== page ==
It has been well recognized for many years that control of fishing capacity is essential for the management of tuna resources (fishing capacity here does not refer to fish carrying capacity but to the fleet potential to harvest tuna in relation to the current stock level). It was more than a decade ago, when FAO adopted the International Plan of Action for fishing capacity. Since then, distant water longline fishery has cut down fleet size substantially. On the contrary, the size of purse seine fleet has kept expanding.
These trends reflect the economy of each fleet. The longliners are now operating at the margins of economic breakpoint, due to the reduction of abundance of large tuna, as a result of other fisheries’ preceding catch of juveniles.
Therefore the only choice left for the longliners was the reduction of fleet size. Distant-water longline operators in the world established an organization, OPRT, in order to eliminate IUU fishing vessels, and reduce the fishing fleet size. The major actions taken were the establishment of a world registration of active vessels, and buy-back and scrap policy at the cost of vessel-owners which remained active. This fleet reduction has made adoption of regulatory measures for the longliners easier and improved the fishing economy of longliners.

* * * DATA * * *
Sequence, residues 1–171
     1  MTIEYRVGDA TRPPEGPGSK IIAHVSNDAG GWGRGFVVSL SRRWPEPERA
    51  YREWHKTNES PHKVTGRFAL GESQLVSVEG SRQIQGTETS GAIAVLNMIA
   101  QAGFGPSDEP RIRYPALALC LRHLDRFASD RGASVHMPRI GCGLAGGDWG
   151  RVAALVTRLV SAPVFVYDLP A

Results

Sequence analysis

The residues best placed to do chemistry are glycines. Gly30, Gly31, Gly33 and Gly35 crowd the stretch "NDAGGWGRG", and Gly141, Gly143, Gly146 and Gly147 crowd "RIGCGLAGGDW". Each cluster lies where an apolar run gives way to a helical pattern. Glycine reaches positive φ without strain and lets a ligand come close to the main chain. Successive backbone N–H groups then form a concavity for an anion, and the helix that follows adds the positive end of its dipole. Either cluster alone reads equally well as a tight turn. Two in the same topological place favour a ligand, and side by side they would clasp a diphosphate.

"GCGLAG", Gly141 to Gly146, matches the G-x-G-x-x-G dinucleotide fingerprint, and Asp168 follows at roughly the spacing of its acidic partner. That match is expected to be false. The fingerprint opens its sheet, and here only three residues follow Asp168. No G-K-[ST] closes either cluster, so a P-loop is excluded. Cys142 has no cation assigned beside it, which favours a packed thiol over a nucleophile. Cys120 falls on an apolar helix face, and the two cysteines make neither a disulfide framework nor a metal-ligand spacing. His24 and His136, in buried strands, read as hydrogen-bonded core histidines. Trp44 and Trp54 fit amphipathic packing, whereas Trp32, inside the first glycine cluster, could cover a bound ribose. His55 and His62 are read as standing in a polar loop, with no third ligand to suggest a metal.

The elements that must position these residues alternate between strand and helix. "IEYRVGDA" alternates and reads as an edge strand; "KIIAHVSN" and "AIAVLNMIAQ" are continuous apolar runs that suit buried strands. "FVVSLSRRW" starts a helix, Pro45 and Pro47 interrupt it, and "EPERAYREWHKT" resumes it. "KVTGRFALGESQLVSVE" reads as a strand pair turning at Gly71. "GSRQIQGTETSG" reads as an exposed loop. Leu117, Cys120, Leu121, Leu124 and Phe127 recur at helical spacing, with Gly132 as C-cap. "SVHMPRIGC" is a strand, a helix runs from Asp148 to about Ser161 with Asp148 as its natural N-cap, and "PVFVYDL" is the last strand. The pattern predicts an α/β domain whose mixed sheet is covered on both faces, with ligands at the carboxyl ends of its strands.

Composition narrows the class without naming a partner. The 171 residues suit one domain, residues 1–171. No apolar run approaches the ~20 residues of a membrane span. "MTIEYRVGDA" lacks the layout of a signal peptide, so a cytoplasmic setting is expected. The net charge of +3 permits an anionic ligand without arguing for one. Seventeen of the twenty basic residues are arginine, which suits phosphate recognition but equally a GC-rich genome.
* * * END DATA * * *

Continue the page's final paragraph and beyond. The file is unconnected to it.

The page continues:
Unfortunately, this reduction of longline fleet was offset by an expansion of purse seiners. We should understand that the fishing capacity of a fleet increases constantly with an improvement in fishing technology, even if the fish-carrying capacity or number of vessels stays constant. The annual rate of increase in fishing efficiency of purse seiners is far more than that of longliners, while longliners’ efficiency has been even reduced by various restrictions set on them for the mitigation of by-catches.
In the Eastern Pacific Ocean, the so-called vessel registry system, which intended to cap the total volume of the purse seine fish hold has been in effect. Scientists estimated that current fishing capacity of the purse seiners is at least in excess by 30% of the appropriate level to harvest tuna sustainably in that area. Besides, this registry system is experiencing many difficulties in maintaining the volume of the fish hold. The consequences were the increase of fishing capacity, which makes the adoption of proper fish regulations harder, and in turn has an adverse effect on the catch rate and profit of fishers.
The control of purse seine fishing capacity is an urgent global task for the world tuna management. (This is an extract of the portion of purse seine capacity from an article covering fishing capacity.)